Students will work together to fulfil the rooftop designs. This includes various planters and picnic benches. Students will grow various fruit and vegetables from seed. The whole school community will be able to access this garden. It is hoped it will also become an attraction for ‘Doors Open Day’
Planters and benches have been pre made by inmates at Saughton Prison. (debates about crime and punishment)
- Compost – £40
- Seeds & Plants – £50
- Pots – £20
From Seed to Plate
Students will plant, nurture and harvest a variety of fruit and vegetables. Some of the harvest will be distributed to community wing users. The produce will also be used to prepare a summer salad for the group of students involved in sowing the vegetables.
- The compost, seeds etc mentioned above will also cover this project.
One S1 pupil wrote that “I had a great day today – we dug up lots of potatoes and carrots – I will give some to my gran and her neighbours so they can make soup.”
Running for Charity
The pupils started training to be able to run 5K along with one of the staff.
They heard a presentation from the Edinburgh Sick Kids Hospital Foundation and decided to run to raise money for this charity.
In May 2013 they completed their sponsored run, complete with charity T shirts and in June at the JASS Awards Assembly they handed a cheque for £256 to a representative from the charity.
One S1 pupil reflected that, “I was in the Sick Kids a lot when I was younger so it is good that I have the chance to raise money for them by running the 5k. They helped me and now I can help them.”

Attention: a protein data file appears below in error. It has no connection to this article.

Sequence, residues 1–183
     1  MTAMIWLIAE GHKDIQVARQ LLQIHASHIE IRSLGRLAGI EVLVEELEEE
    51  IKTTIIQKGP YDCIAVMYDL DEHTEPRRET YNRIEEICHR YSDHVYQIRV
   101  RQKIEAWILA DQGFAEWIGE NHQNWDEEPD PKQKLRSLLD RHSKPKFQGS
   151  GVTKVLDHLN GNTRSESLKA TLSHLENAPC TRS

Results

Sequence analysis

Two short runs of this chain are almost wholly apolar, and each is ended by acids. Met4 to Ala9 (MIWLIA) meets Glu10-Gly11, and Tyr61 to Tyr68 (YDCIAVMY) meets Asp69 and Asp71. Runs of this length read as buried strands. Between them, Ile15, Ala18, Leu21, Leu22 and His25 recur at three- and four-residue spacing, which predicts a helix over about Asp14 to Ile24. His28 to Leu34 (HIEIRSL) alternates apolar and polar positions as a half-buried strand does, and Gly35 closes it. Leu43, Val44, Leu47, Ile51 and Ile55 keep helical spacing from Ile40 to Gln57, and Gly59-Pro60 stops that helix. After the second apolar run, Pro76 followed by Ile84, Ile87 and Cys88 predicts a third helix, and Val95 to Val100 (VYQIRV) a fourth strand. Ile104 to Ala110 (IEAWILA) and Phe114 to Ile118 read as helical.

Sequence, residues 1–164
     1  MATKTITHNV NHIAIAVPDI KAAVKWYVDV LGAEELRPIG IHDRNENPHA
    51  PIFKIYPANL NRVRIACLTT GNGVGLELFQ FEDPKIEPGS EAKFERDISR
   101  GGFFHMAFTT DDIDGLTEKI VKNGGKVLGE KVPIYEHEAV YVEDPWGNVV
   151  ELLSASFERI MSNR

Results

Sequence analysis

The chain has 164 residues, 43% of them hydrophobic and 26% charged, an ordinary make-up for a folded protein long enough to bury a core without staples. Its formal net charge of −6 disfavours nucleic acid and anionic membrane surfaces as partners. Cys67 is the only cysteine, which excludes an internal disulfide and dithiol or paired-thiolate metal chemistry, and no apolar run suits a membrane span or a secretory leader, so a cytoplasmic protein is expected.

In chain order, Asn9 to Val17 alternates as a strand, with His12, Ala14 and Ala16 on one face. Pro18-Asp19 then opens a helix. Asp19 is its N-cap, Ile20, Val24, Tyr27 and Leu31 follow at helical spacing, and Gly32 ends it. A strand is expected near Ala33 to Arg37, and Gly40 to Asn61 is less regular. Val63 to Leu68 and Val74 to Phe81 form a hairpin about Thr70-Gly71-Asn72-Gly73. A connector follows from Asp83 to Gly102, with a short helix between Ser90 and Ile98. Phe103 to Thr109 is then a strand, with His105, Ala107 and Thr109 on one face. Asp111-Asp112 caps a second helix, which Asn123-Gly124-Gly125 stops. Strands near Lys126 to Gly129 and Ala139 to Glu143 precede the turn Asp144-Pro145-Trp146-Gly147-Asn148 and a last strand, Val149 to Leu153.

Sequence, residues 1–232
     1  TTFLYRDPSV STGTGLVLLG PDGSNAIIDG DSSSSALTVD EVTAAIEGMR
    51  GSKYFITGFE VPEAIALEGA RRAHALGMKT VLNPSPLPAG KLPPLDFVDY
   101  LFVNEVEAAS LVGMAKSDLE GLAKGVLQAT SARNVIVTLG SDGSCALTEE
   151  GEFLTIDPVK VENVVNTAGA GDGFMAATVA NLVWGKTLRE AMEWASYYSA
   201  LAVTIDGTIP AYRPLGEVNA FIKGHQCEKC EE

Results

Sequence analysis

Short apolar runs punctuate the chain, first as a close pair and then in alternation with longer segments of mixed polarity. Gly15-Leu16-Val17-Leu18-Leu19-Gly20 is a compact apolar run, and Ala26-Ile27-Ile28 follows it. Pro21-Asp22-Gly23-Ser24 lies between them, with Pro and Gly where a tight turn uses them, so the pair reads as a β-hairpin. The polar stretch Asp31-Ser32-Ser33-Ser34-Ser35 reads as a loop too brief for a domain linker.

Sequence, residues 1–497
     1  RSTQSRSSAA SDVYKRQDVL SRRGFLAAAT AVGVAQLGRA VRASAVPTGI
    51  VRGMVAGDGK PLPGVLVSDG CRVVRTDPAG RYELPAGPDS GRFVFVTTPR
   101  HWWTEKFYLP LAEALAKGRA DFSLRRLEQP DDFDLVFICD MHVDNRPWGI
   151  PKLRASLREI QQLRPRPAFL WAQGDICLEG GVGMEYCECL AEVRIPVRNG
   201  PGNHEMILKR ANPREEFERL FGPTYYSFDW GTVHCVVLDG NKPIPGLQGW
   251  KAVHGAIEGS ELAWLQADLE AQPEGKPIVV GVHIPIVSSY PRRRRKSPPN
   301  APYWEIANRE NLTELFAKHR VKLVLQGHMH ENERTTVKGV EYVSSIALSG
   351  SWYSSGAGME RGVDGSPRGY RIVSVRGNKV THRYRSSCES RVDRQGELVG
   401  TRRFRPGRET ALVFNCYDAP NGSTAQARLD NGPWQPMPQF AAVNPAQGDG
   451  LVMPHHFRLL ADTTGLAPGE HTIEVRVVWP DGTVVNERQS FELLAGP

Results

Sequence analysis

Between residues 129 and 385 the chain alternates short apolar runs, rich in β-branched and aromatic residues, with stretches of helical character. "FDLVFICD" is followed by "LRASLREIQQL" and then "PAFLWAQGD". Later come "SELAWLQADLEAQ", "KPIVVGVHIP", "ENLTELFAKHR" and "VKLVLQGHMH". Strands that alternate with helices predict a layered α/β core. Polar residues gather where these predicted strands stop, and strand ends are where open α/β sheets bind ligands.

Further Reflections of Pupils and Teachers
“I like that we are out of class because we don’t want to be in a classroom all day and it is an opportunity to learn new things.”
“I enjoy JASS because it gives you opportunities you have never had before.”
“I really enjoy JASS – I get to do things I have not done before – I am getting involved in the school Pantomime and I wouldn’t have done that if i didn’t need to find something for My Interests and I did cycling for Adventure and that was great fun.”
“I am painting the cemetary gates for Me and My World – it shows respect for the people who have died and the people who visit the cemetary.”
“I loved the Adventure day it was like heaven – the sea was sparkling like diamonds. I wish we could do this everyday.”
“JASS Adventure day was the best day of my life.”
“I had a bad experience with cycling before and I never thought I would ever go on a bike again. I did though and I cycled for 10 miles and I loved it. I am so proud of myself.”
“The experiences enjoyed within JASS are the experiences that will live with our students forever.”
“My students are working with the local nurseries. It is such a lovely environment to be part of. The students are happy and meaningfully engaged as they develop confidence and independent learning. A wonderful opportunity that we cannot provide in the traditional classroom setting.”
“I can’t imagine our curriculum without JASS.”
“JASS allows me as a teacher to get to know my students not just as learners but as valuable interesting passionate young people.”
“The new postive relationships forged over a pair of knitting needles or while making a cup of tea; pulling up weeds or between gasps of air while running; sharing a sandwich or fixing a puncture, has continued into the classroom. The learning and teaching process back in the classroom becomes a natural sharing process.”